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Service With a Smile

By Stephen Lawton  |  Posted 04-15-2002 Print

Service With a Smile

With all the hype about Web services, you'd think it would solve every ill known to IT kind. To the World Wide Web Consortium, or W3C, the defining body for all things Web, the term "Web services" refers to any of the various schemes for allowing applications to communicate with one another over the Internet to share information and support business processes. But it's the very broadness of that definition that contributes to the confusion.

Web services are really modular components, basic building blocks that can be assembled into larger applications. They can be as small as a single function, such as asking a legacy system about the exchange rate between two currencies, or as large and complex as initiating a series of currency exchanges using multiple banking systems. And these services can be run by everything from a single user with a Web browser to a massive enterprise application.

But that's nothing more than middleware, you say. Actually, middleware is responsible for finding and supplying the necessary data wherever it's located; Web services are responsible for processing the data. Think of Web services as a layer of standards slathered over middleware and Web-based applications that ensure information will be transmitted and processed in consistent ways.

To build a basic Web service, you need HTTP, the HyperText Transfer Protocol; XML, the Extensible Markup Language; and SOAP, the Simple Object Access Protocol. XML defines the standard format for the data, and can even define the business processes that should be used with the data. HTTP lets you send and receive data freely through the corporate firewall, without needing to punch a new security hole in the firewall. SOAP lets applications, either on your own system inside the firewall or on another company's, "invoke," or execute, the Web service.

But Web services can start to get complicated when you want to do more than transmit basic information. If you want to make it easy for your applications to find unfamiliar Web services somewhere on the Net so the applications can run those Web services, you'll need some kind of white or yellow pages: That's the Universal Description, Discovery and Integration service, UDDI. And if you want your applications to be able to find information about a Web service, such as how it should be used, you need WSDL, the Web Services Description Language.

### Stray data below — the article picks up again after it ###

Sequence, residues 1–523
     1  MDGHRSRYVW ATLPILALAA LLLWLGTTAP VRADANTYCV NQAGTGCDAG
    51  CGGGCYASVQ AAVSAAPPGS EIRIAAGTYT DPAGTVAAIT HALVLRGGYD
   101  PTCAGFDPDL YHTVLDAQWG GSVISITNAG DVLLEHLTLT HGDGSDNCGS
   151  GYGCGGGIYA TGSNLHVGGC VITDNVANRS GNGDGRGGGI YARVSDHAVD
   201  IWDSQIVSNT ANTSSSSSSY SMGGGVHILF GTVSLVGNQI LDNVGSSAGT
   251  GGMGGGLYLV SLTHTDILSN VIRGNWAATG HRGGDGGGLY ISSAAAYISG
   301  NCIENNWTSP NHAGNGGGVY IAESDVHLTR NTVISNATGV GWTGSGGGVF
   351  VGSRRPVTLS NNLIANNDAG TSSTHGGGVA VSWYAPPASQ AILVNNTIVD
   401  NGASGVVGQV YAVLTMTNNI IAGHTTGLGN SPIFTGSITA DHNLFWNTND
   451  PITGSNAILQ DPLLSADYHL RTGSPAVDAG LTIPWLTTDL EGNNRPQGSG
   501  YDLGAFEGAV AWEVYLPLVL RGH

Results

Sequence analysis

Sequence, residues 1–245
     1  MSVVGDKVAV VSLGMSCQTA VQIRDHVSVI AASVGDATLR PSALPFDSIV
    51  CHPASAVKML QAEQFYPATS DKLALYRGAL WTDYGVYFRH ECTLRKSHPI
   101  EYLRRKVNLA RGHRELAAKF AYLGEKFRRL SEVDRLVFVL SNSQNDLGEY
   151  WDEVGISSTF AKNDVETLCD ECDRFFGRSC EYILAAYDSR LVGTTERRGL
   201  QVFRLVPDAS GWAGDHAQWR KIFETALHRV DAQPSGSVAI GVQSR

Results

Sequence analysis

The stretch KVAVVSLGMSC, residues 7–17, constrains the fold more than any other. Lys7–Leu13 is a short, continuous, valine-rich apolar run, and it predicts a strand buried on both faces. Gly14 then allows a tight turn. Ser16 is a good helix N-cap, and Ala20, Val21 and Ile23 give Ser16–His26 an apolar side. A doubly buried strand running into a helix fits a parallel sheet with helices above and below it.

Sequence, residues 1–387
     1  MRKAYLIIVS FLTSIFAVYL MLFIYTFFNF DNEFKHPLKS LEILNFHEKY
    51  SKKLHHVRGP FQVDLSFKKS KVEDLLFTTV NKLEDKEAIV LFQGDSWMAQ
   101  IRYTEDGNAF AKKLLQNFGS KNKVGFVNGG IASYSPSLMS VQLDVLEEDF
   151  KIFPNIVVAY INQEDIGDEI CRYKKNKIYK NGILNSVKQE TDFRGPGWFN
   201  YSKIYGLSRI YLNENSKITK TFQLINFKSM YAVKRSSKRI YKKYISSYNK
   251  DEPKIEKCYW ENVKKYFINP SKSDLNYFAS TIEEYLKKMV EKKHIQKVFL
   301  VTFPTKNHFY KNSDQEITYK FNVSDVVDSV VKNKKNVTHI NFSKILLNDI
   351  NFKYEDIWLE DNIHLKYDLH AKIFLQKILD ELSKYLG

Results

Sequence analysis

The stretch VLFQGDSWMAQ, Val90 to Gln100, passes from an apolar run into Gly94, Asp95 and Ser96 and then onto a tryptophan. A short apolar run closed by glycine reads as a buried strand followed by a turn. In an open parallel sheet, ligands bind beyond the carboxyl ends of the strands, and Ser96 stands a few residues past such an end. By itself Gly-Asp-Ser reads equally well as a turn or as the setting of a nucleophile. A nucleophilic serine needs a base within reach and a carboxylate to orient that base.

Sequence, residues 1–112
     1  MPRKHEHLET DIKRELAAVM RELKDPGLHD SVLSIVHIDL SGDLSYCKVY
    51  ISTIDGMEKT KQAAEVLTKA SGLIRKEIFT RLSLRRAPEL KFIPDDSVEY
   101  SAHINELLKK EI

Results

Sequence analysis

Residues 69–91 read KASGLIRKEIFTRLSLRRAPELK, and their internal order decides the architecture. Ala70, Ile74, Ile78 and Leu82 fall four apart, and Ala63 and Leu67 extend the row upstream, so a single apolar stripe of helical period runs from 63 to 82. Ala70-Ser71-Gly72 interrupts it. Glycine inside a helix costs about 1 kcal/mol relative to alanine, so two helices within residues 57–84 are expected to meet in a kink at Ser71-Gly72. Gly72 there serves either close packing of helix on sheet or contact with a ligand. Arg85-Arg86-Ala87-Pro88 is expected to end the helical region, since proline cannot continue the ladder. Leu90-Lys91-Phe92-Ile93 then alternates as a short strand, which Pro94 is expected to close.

Here's another way of looking at it. Think of how you might go about finding a plumber when you're living in a foreign country. If you already know the plumber and the language he speaks, you'd simply dial him up (HTTP). But if you didn't speak the same language, you'd need a translator who could speak both your language and the plumber's, and translate between them (XML). Now suppose you needed the plumber on a regular basis; you'd want to be able to put his number on speed dial, and possibly even have a recorded message saying what you wanted him to do automatically (SOAP). But what if you didn't know how to reach the plumber? You'd need a good phone book (UDDI). Now suppose you regularly required different kinds of laborers on a regular basis, but needed to know ahead of time what their qualifications were, when they were available, and so on; you'd need a standard way of describing, in a manner both you and the workers understood, what they could do (WSDL).

Most users today are focusing their Web services efforts inside the firewall, on relatively straightforward problems such as linking two legacy systems to a new business process such as allowing visitors to a corporate portal to check their benefit balances. The best way to begin with Web services is to start off with small pilot programs using the basic XML and SOAP protocols, then continually adapt those basic applications until they're performing as needed.


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